PhD Study : Keep it simple? Eye-tracking the learning of numbers in early childhood


   Faculty of Life and Health Sciences

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  Dr Abbie Cahoon  No more applications being accepted  Competition Funded PhD Project (Students Worldwide)

About the Project

Achievement gaps in numeracy start early, with children with low mathematical skills displaying a lower growth rate in mathematical achievement over time (Cahoon et al., 2021; Duncan et al., 2007). More research is necessary to understand how children develop mathematical knowledge and mathematical language in early years (3-5-year-olds) and how this may lead to the individual differences in mathematical development observed at school start.

Research has shown that shared storybook reading offers benefits for children’s cognition, communication skills, and mathematical talk (Hargrave & Sénéchal, 2000; Hendrix et al., 2019). However, eye-tracking studies show that children may perform poorly in literacy development or have difficulties in mathematical learning when there are extraneous illustrations detailed in storybooks, attentional competition, or attention difficulties (Eng et al., 2020; Zhang et al., 2020). Research has shown how important it is to enact constructive methods of communicative interactions during shared storybook reading (Bautista et al., 2018; Cárdenas et al., 2020). Cognitive Load Theory suggests that effective instruction facilitates learning by directing cognitive resources toward activities that are relevant to learning rather than toward unnecessary text or illustrations (Chandler & Swellwe, 1991). However, there is limited research on whether text, illustrations, and communicative interactions are engaging or distracting during storybook reading with number books for 3-5-year-olds and what conditions enhance mathematical learning outcomes.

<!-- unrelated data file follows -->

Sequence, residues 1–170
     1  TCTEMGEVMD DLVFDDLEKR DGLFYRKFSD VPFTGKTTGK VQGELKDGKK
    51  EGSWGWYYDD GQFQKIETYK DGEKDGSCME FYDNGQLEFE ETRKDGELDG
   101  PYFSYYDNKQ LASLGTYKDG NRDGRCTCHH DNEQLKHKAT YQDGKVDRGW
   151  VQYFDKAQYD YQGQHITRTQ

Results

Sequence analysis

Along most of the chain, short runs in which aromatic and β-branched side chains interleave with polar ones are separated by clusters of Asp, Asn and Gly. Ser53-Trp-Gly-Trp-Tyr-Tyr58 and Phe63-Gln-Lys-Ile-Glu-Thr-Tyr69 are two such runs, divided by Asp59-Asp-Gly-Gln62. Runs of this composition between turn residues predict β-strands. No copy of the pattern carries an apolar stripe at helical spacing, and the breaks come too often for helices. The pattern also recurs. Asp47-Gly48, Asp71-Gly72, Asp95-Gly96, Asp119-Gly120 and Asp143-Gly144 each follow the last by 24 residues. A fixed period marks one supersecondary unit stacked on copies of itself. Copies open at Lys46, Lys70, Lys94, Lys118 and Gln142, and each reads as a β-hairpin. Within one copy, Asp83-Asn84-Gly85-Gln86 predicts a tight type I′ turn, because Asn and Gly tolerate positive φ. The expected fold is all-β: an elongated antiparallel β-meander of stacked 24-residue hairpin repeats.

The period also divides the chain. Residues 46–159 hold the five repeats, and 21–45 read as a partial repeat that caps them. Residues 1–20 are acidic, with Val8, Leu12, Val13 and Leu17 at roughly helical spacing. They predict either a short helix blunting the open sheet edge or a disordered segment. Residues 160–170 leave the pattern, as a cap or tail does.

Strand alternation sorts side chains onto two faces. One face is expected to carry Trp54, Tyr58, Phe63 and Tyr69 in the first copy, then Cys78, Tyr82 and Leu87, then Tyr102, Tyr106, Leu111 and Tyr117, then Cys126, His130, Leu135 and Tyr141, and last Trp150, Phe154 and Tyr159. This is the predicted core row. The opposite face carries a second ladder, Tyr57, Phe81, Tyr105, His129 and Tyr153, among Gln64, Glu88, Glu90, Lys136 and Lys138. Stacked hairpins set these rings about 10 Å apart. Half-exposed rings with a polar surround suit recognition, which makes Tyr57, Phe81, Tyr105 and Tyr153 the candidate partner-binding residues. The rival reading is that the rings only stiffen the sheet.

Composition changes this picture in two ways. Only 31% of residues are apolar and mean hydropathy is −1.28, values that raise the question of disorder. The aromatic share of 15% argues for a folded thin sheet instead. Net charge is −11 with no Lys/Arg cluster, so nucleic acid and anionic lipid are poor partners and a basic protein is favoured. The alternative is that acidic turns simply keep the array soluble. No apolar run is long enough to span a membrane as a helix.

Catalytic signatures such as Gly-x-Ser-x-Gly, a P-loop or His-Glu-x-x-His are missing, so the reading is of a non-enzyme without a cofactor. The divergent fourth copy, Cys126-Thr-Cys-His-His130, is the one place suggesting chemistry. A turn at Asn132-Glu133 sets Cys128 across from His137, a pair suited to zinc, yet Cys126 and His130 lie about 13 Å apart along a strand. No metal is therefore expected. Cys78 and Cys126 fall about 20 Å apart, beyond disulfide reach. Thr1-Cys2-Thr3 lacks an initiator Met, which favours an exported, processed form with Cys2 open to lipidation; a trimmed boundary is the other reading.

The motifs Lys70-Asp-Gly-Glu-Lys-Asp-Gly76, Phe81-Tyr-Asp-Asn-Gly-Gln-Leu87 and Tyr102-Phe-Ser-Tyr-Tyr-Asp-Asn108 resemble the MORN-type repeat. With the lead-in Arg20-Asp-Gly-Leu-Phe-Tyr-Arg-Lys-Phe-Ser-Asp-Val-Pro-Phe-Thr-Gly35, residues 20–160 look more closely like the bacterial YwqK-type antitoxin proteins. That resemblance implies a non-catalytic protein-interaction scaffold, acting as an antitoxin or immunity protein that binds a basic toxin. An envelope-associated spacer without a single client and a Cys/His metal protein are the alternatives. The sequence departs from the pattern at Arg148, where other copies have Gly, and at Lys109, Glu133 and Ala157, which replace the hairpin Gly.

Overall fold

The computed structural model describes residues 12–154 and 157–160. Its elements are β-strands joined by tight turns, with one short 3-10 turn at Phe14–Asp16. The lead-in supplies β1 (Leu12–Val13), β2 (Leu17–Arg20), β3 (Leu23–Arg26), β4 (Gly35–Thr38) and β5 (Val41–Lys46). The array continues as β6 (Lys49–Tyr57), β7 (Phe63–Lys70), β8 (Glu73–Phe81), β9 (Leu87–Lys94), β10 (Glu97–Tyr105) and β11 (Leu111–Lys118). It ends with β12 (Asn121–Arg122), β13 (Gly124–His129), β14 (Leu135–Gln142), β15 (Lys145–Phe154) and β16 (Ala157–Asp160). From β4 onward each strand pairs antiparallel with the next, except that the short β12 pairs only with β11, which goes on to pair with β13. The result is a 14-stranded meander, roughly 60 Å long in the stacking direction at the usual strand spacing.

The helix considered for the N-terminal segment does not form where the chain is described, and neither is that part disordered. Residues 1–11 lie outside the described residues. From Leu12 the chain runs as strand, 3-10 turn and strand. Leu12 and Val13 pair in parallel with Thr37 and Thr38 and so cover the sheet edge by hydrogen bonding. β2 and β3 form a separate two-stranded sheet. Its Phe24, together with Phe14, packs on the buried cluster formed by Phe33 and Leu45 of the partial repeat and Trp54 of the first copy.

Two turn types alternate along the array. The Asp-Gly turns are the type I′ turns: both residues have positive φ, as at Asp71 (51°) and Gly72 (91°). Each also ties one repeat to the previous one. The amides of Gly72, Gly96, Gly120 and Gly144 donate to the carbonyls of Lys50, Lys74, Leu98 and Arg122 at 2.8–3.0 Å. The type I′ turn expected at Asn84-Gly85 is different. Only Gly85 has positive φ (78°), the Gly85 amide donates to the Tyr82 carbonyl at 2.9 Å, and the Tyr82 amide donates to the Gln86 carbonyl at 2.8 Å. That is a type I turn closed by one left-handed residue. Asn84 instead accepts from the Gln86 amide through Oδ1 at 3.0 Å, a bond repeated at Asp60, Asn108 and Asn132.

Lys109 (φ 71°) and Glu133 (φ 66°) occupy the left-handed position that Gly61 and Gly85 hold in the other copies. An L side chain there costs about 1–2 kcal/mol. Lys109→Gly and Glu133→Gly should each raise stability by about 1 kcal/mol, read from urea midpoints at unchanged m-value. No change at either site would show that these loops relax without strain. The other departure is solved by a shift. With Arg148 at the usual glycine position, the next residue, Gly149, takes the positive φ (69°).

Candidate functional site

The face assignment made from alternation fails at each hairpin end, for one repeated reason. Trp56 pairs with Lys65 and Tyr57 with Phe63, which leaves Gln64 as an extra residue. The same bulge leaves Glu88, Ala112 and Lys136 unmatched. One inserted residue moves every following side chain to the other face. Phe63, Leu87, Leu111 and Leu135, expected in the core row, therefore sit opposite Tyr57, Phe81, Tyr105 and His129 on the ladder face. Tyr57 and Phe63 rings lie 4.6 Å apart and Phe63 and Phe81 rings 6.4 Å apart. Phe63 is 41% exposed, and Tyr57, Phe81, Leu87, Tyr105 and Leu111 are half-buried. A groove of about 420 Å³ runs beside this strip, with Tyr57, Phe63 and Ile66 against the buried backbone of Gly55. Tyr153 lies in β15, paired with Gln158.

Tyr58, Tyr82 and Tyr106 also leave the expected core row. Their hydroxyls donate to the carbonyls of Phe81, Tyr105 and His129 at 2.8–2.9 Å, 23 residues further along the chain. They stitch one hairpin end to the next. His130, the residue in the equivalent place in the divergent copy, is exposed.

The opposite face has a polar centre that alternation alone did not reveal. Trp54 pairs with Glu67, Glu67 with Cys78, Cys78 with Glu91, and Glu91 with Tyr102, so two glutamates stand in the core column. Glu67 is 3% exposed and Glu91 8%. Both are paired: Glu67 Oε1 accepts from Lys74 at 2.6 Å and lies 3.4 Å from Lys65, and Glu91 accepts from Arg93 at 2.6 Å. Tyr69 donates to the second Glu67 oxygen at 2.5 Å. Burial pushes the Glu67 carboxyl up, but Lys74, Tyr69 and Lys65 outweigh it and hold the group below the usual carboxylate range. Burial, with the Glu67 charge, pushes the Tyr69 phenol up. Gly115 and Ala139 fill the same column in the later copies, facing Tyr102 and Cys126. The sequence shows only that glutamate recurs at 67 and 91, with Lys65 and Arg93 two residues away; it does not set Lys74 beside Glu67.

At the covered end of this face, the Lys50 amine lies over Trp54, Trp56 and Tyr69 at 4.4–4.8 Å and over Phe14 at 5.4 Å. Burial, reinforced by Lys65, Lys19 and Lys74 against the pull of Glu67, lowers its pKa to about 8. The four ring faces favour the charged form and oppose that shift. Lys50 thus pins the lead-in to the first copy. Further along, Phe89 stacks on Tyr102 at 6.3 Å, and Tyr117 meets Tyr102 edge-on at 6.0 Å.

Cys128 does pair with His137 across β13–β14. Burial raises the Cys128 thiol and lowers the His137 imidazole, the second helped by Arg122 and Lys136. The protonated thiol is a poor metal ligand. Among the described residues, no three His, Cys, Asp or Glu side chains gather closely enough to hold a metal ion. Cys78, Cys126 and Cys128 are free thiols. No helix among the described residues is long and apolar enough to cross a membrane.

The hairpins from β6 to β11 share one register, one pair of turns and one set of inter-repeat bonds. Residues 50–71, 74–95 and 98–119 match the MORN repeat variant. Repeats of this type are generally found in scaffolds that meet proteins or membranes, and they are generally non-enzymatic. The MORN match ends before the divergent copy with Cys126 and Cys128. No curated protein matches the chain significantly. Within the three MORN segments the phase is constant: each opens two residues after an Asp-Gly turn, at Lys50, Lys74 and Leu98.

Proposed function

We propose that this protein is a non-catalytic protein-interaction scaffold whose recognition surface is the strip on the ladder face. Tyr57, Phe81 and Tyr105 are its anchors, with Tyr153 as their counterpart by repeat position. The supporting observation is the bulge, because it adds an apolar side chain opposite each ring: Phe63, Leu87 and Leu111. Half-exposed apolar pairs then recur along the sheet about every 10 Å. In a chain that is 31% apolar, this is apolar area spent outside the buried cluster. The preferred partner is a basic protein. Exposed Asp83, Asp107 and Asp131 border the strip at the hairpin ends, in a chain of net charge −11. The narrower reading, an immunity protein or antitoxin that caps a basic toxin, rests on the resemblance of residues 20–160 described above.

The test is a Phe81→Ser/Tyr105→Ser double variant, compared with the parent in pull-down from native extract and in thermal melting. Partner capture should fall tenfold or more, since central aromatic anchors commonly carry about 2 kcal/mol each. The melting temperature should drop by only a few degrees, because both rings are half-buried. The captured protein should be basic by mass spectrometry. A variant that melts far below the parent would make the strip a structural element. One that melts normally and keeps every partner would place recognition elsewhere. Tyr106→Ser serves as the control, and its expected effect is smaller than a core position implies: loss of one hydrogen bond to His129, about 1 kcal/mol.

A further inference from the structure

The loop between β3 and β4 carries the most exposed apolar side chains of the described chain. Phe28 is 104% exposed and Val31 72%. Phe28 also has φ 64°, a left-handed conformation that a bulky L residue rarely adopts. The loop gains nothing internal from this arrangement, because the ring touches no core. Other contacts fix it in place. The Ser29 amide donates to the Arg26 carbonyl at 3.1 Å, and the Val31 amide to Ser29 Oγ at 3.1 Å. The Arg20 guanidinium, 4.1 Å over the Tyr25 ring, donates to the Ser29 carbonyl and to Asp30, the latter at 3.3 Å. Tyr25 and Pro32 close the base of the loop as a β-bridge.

This project will be experimental in design. The objectives are:

1.To use innovative research methods (i.e., eye-tracking technology) to investigate children’s eye-tracking gaze under different conditions (i.e., extraneous versus streamlined illustrations; communicative versus no communicative interactions) during storybook reading with number books.

2.To investigate whether children’s level of mathematical knowledge influences children’s engagement or disengagement of storybook reading with number books.

3.To explore individual differences of early mathematical performers to understand what could influence gaze shifts away from text, illustrations, or communicative interactions.

Essential Criteria - Degree in Psychology

Please note: Applications from those holding or expecting to hold a 2:1 Honours Degree in Psychology are strongly encouraged to apply.  Applications for more than one PhD studentship are welcome, however if you apply for more than one PhD project within Psychology, your first application on the system will be deemed your first-choice preference and further applications will be ordered based on the sequential time of submission. If you are successfully shortlisted, you will be interviewed only on your first-choice application and ranked accordingly. Those ranked highest will be offered a PhD studentship. In the situation where you are ranked highly and your first-choice project is already allocated to someone who was ranked higher than you, you may be offered your 2nd or 3rd choice project depending on the availability of this project.